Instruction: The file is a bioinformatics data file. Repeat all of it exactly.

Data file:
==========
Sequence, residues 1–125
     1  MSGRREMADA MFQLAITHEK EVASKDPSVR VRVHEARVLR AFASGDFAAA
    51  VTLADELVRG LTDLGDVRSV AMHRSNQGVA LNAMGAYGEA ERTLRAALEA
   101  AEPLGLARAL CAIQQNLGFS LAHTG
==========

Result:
Sequence, residues 1–125
     1  MSGRREMADA MFQLAITHEK EVASKDPSVR VRVHEARVLR AFASGDFAAA
    51  VTLADELVRG LTDLGDVRSV AMHRSNQGVA LNAMGAYGEA ERTLRAALEA
   101  AEPLGLARAL CAIQQNLGFS LAHTG